If you grow book value, particularly if your liabilities are short, you will grow market value. Many reinsurance and insurance companies aim at growing fully convertible book value per share.
Fully convertible book value per share assumes that you invest your dividends in the common stock (without taxation), and thus compound your gains through reinvestment, taking account of dilution. Hmmm… when will someone dream up the idea of structuring an insurance company as an MLP or a REIT? I don’t think it is likely, but maybe someone could dream it up.
It also implies that all possible dilution is factored in from convertible preferred stock or convertible bonds. Now insurance companies tend to trade near book value over the long run, so companies that can grow their book value rapidly and pay dividends can be interesting investments. Particularly where the liabilities of the company are short — property reinsurance or personal lines insurance, growth in book value plus dividends tends to be a reliable indicator of value creation.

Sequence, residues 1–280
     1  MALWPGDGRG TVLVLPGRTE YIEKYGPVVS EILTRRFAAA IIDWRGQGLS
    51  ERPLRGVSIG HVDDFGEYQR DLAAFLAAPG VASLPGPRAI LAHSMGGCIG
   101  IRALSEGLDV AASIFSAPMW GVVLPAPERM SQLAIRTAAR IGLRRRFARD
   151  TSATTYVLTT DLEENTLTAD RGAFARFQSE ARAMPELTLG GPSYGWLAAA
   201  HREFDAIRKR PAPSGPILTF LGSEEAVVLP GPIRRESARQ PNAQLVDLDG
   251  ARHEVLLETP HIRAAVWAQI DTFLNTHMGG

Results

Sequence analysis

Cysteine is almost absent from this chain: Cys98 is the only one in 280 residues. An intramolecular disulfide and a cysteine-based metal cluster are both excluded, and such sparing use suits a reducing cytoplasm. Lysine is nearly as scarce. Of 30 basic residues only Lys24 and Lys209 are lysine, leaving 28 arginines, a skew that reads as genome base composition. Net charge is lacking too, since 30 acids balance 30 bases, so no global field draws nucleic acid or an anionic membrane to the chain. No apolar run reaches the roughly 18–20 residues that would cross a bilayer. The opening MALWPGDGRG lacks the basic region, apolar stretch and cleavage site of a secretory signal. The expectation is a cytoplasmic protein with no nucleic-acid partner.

If liabilities are longer, it gets more questionable, because under-reserving becomes more likely — it is very hard to be certain of the reserving of long-dated or volatile coverages.
Anyway, here is a list of insurance companies, and how they have accumulated book value plus dividends over the past seven years. Note that this is a mathematical calculation off a limited database, and that splits and M&A can throw this calculation off. With that caveat, here is the list: